The article was well written, compelling, and detailed a vision for the production and search optimization of content on a scale that we hadn't seen before. For me, the killer paragraph was this:
"Reese is a tall Texan who serves as Demand’s chief innovation officer and who created the idea-spawning algorithm that lies at the heart of Demand’s process. To determine what articles to assign, his formula analyzes three chunks of information. First, to find out what terms users are searching for, it parses bulk data purchased from search engines, ISPs, and Internet marketing firms (as well as Demand’s own traffic logs). Then the algorithm crunches keyword rates to calculate how much advertisers will pay to appear on pages that include those terms. (A portion of Demand’s revenue comes from Google, which allows businesses to bid on phrases that they would like to advertise against.) Third, the formula checks to see how many Web pages already include those terms. It doesn’t make sense to commission an article that will be buried on the fifth page of Google results. Finally, the algorithm, like a drunken prophet, starts spitting out phrase after phrase: “butterfly cake,” “shin splints,” “Harley-Davidson belt buckles.”This isn't a PR puff piece. Any time a company starts talking about their secret sauce, about the elements that make up their titling algorithm, you slow down and take notice.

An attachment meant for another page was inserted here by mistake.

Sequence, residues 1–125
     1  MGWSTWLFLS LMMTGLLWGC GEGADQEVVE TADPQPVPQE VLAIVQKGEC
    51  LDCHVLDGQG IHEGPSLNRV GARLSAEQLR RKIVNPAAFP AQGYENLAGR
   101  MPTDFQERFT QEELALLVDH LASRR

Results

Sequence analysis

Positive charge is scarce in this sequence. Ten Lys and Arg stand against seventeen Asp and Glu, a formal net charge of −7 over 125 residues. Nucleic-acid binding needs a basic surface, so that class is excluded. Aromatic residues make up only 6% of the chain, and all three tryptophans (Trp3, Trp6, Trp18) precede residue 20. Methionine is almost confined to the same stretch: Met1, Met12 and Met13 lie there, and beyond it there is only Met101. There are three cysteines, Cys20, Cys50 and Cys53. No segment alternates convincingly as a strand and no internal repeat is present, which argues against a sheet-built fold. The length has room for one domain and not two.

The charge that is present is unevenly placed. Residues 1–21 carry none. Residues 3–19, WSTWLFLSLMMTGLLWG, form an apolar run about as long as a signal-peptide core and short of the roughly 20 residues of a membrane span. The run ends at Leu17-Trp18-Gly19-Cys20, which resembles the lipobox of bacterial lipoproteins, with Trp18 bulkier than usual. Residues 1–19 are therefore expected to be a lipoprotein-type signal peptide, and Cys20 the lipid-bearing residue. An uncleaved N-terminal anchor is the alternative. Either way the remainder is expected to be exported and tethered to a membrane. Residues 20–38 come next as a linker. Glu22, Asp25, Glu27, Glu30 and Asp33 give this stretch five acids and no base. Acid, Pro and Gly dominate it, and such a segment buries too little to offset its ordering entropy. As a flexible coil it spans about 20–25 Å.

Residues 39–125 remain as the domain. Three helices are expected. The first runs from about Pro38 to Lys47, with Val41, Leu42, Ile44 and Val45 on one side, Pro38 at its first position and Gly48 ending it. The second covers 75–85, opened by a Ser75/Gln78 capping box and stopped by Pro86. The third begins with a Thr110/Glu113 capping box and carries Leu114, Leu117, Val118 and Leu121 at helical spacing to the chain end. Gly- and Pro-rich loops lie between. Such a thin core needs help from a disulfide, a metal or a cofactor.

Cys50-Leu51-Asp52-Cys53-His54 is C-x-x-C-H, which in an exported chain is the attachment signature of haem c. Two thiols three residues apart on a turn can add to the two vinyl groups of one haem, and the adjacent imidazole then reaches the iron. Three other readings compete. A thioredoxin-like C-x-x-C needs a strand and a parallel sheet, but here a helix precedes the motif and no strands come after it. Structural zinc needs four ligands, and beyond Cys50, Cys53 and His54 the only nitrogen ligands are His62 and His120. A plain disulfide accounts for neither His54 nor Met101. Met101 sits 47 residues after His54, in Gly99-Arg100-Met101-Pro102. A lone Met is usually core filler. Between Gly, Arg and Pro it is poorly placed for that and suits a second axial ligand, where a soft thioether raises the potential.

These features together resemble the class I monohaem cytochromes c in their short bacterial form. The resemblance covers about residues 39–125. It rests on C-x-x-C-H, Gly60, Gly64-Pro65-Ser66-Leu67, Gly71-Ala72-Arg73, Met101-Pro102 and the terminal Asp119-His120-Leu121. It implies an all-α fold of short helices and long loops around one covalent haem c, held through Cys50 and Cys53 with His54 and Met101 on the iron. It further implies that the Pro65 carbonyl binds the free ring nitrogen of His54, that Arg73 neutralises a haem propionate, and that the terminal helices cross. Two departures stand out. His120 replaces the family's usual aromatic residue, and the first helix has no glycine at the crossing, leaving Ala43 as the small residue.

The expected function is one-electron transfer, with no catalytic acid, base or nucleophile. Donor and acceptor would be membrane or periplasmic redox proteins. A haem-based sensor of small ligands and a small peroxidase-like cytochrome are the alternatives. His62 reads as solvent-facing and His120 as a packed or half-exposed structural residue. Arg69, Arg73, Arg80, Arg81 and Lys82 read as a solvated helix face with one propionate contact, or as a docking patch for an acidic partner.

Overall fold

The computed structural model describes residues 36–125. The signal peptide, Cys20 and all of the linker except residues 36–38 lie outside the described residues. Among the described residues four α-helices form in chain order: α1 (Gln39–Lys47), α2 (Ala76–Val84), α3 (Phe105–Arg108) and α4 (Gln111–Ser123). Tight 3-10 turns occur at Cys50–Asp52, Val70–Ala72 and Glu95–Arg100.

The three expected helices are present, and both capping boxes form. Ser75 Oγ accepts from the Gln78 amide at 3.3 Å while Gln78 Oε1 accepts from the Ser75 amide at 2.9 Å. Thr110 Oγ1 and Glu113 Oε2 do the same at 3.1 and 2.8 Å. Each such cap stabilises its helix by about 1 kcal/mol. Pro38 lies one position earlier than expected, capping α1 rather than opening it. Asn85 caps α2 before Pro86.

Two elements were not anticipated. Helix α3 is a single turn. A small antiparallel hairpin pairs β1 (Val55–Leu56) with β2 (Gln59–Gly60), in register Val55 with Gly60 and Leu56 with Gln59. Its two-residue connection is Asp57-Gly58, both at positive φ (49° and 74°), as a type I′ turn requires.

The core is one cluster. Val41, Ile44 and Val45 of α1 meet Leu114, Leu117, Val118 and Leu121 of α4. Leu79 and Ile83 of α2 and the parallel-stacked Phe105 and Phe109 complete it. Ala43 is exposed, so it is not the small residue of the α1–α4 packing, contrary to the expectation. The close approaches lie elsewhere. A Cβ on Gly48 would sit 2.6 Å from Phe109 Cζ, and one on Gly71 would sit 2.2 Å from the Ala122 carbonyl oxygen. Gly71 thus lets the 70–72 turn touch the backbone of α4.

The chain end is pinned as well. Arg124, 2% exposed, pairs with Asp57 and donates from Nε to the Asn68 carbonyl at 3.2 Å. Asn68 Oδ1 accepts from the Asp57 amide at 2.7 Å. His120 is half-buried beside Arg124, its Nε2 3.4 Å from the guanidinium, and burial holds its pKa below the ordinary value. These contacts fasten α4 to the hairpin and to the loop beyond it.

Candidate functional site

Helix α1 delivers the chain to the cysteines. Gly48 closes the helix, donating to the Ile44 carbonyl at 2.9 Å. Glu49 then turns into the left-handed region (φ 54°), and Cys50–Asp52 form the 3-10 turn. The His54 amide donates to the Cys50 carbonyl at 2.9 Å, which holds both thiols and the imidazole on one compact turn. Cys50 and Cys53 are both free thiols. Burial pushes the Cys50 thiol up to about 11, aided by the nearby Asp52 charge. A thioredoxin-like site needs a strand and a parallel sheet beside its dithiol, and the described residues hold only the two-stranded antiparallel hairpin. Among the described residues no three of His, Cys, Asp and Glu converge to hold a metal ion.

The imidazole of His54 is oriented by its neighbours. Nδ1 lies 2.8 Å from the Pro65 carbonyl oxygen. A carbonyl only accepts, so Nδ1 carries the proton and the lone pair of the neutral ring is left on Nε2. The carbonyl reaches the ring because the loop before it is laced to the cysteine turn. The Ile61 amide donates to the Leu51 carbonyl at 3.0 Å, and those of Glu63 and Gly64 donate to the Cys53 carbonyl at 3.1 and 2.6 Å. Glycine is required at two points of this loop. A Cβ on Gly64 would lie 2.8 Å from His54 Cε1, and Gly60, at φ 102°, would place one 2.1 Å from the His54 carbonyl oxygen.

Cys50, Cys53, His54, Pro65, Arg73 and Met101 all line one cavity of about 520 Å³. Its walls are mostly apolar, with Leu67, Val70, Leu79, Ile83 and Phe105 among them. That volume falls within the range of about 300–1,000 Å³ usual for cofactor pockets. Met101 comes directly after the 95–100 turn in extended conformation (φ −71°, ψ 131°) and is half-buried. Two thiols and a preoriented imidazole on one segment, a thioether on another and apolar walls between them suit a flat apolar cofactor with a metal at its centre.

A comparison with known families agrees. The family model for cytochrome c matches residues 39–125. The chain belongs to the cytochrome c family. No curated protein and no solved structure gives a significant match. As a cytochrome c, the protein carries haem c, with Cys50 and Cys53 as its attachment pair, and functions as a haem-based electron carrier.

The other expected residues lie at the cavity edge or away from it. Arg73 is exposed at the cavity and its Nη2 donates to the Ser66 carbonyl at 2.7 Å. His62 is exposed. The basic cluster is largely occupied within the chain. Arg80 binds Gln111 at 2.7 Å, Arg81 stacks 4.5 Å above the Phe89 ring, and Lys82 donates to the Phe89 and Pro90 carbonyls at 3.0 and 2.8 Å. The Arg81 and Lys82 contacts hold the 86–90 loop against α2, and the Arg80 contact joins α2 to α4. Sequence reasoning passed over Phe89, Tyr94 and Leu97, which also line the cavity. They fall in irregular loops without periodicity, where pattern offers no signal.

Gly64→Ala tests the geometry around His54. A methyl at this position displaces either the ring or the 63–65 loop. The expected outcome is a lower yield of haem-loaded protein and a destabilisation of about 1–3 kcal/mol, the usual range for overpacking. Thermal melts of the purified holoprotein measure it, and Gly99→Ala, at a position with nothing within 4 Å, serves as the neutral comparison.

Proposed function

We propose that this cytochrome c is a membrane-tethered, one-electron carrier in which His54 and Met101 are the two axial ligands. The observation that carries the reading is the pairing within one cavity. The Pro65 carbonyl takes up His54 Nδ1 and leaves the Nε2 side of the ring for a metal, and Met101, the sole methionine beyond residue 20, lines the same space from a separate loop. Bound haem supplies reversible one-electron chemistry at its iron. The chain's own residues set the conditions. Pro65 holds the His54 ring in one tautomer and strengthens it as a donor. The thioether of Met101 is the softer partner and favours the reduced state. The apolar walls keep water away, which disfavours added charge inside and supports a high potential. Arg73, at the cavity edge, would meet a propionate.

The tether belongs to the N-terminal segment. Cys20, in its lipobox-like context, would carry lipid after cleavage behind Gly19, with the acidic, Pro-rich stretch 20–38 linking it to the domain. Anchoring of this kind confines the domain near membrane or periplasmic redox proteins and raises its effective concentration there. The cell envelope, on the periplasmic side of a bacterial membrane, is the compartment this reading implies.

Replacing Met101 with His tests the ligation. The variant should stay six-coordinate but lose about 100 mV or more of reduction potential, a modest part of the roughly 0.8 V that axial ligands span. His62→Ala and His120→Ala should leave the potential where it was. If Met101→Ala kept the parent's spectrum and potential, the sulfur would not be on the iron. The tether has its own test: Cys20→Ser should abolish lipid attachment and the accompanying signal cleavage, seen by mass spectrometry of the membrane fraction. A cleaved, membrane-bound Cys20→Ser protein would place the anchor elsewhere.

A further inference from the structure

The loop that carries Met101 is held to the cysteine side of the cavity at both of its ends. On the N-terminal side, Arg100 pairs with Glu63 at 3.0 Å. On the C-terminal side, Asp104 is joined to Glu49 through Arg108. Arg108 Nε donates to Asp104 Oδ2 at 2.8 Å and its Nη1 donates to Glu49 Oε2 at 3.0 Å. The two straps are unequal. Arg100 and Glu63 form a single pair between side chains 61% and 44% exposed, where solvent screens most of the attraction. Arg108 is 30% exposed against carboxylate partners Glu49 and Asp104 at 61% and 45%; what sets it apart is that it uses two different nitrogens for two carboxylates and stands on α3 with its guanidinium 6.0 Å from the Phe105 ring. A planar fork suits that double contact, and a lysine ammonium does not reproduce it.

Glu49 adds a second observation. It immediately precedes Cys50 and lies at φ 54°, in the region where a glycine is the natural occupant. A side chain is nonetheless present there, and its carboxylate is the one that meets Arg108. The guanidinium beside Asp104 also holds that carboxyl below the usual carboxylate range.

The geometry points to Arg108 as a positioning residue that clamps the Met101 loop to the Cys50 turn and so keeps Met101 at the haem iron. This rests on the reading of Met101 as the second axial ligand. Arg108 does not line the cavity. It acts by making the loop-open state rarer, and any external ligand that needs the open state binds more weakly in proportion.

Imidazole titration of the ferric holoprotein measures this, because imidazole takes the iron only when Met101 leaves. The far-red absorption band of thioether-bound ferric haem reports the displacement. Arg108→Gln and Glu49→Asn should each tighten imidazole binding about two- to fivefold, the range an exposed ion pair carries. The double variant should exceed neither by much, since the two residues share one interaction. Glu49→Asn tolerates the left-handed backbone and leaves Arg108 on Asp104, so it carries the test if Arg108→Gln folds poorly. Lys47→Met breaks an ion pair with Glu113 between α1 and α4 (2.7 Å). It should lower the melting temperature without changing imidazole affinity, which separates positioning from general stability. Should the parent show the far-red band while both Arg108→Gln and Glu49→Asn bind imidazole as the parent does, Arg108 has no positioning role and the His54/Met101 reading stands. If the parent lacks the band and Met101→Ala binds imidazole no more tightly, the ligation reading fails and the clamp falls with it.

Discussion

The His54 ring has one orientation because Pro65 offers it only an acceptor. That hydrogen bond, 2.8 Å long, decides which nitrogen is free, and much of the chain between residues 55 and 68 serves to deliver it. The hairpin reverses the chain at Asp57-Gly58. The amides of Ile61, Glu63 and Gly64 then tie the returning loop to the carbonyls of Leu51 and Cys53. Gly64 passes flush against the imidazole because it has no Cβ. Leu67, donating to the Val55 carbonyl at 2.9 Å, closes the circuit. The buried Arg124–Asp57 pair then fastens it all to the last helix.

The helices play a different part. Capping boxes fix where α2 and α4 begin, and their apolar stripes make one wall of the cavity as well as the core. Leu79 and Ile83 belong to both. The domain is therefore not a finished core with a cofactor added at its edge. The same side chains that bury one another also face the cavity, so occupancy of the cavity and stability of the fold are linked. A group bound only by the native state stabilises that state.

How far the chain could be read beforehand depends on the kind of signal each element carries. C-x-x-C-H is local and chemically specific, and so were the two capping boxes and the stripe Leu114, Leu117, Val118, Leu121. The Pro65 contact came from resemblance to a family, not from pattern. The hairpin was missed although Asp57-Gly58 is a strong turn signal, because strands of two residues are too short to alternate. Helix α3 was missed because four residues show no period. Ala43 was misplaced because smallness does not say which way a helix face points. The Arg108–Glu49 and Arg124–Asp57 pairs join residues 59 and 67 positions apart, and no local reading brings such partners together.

And then you ask the question "why?"
Why would Demand Media document their playbook? Why would they risk pissing off Google, the distribution arm of Demand Media? Why would they risk giving potential competitors like AOL any more information than what was publicly available?
Here's what I think happened.
In order to make the Demand Media model work, you need a constant supply of high quality inbound links. A steady supply of quality inbound links drive Google crawlers deep into Demand Media properties' pages, and reassure Google that these pages are worth indexing and ranking.
I think Demand Media made a conscious decision to trade a glimpse of its strategy for a barrage of inbound links. Any good linkdev person will tell you that PR can be a powerful source of inbound links, especially if you have a good story.
Up until this weekend, the plan was working beautifully. A quick search on Google Insights shows a spike in interest in the company right around the time of the Wired article.
However, the strategy may have worked TOO well. The big tech blogs such as TechCrunch and RWW have not been content to post about how innovative the Demand Media model is and leave it at that. Instead they have started worrying about the rise of "Fast Food Content" and "Content Farms." VC Paul Kedrosky picked up the message and posted about how broken the tail of search was.
Search expert Danny Sullivan tweeted on the subject last night as well, saying (ominously):
"(I would) be more worried about content farms in google http://bit.ly/6dyezM if (I) didn't know public attention like getting now is a huge weed killer."
I personally think that all the hand wringing about the generation of cheap content explicitly created for tail search queries is overblown. If Google is doing its job, this content will only rank of there is nothing better out there.
But if I were Demand Media, I would start getting a bit nervous about this second wave of press. Their model won't work without Google's help, and the last thing Demand Media needs is Google proactively moving to bury "fast food content."